Berkeley voters could see a new special tax that aims to address the Berkeley Unified School District, or BUSD’s, current teacher recruitment and retention “crisis” on the 2020 ballot.
BUSD board members discussed this proposal and its possibilities during the Sept. 4 board meeting. Natasha Beery, director of the Berkeley Schools Excellence Program, and BUSD Superintendent Brent Stephens introduced the district’s current financial status, where — in the last two years — the district has made $3.8 million of “painful” cuts. In order to make up for a lack of state funding, this proposed tax would work to raise salaries and benefits for teachers. If BUSD board members choose to pass the tax, Berkeley voters will see it on their March or November ballot.
“The proposed tax would provide the district with resources that would be used to increase compensation for BUSD teachers (and other essential staff),” Beery said in an email. “(As) much as they might like many other things about our schools, the fact is (that teachers) need to make economic decisions as well, and there is substantial competition for many of these positions.”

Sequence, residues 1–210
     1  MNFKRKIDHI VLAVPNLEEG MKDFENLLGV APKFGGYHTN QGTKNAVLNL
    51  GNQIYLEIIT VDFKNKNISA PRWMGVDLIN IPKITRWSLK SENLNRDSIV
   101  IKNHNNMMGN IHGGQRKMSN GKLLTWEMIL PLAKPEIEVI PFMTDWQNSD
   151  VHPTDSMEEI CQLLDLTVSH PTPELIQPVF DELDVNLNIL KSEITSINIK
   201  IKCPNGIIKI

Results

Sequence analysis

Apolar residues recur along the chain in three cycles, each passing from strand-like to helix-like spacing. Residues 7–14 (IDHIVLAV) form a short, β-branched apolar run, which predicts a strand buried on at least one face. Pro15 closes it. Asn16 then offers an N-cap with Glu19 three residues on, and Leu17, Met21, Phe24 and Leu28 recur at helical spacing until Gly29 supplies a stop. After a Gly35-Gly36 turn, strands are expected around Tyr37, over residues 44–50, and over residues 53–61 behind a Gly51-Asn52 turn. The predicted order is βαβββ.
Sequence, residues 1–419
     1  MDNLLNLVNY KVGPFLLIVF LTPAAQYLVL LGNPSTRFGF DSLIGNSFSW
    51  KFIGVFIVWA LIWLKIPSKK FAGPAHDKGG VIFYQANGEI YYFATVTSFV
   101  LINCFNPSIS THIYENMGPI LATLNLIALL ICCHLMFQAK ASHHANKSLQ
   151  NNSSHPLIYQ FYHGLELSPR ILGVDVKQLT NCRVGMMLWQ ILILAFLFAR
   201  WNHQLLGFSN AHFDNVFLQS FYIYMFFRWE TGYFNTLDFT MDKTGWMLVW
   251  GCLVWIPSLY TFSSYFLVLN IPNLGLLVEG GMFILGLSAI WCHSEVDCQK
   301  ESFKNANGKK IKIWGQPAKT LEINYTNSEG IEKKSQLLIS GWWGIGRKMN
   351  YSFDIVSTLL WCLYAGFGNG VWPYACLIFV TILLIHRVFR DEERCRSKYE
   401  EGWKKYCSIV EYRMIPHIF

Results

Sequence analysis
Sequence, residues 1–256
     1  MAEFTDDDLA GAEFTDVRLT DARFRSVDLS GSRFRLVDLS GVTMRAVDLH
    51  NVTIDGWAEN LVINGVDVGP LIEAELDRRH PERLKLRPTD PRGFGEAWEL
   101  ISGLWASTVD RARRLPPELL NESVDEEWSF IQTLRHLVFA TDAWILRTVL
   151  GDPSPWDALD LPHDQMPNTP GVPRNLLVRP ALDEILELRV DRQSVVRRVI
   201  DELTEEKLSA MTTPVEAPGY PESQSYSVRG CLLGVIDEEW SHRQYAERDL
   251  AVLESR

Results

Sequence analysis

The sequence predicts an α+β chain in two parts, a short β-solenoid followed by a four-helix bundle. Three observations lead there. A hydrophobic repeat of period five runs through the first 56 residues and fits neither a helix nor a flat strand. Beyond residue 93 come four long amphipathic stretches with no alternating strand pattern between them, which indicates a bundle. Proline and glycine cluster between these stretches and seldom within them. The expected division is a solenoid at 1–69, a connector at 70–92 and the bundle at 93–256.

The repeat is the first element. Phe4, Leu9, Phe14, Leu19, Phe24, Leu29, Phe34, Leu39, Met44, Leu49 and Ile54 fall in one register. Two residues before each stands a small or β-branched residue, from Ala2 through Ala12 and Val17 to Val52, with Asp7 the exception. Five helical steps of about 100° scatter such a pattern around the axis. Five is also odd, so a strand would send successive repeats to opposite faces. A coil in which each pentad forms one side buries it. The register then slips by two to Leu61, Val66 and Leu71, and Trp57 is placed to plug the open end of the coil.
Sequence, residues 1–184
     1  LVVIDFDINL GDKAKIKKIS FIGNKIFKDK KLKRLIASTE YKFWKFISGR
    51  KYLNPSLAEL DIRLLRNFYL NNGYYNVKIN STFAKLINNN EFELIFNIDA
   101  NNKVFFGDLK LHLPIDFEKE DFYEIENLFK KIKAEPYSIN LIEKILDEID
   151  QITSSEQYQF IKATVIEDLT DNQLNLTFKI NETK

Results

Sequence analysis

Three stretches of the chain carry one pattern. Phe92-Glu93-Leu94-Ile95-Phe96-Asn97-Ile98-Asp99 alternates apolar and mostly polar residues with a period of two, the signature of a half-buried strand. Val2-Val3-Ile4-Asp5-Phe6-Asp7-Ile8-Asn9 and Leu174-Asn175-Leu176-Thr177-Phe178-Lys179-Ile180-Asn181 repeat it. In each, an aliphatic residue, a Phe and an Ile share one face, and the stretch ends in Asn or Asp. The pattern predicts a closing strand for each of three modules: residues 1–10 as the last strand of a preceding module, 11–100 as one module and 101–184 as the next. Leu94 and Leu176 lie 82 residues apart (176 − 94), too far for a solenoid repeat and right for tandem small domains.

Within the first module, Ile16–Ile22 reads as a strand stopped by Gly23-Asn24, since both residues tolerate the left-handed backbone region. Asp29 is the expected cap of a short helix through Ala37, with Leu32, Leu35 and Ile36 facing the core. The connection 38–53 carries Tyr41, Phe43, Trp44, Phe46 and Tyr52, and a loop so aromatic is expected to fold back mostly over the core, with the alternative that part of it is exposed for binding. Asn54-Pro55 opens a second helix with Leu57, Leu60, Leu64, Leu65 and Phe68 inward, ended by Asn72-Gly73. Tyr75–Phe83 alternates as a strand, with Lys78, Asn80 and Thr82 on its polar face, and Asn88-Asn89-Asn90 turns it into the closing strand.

Dubbed the “Berkeley educator recruitment and retention tax,” Beery said the special tax would be modeled after similar measures already in effect in other local districts. To gauge voter support for the possible tax, the district conducted a poll in May, which showed that 81 percent of voters agreed that they are “proud of the extra taxes (they) pay for Berkeley public schools.”
The board also presented recent data that placed BUSD at number 16 in a salary and benefits ranking compared to 18 other Bay Area school districts. Currently, Berkeley educators’ salaries and benefits are $8,000 below the comparative district average and nearly $10,000 below the regional average.
The Berkeley Federation of Teachers, or BFT, is currently in contract negotiations with the district and is looking to come to an agreement with them on several issues, according to Matt Meyer, the BFT president. Compensation is always a major concern, but BFT is also “fighting” for special education teachers, case managers and maintainable workloads, Meyer said.
“Berkeley teacher salary and benefits are just not competing with surrounding districts — we are going to be last, or second-to-last in terms of compensation,” Meyer said. “We love our jobs and we love our students, but it’s getting really difficult for us to stay (in Berkeley).”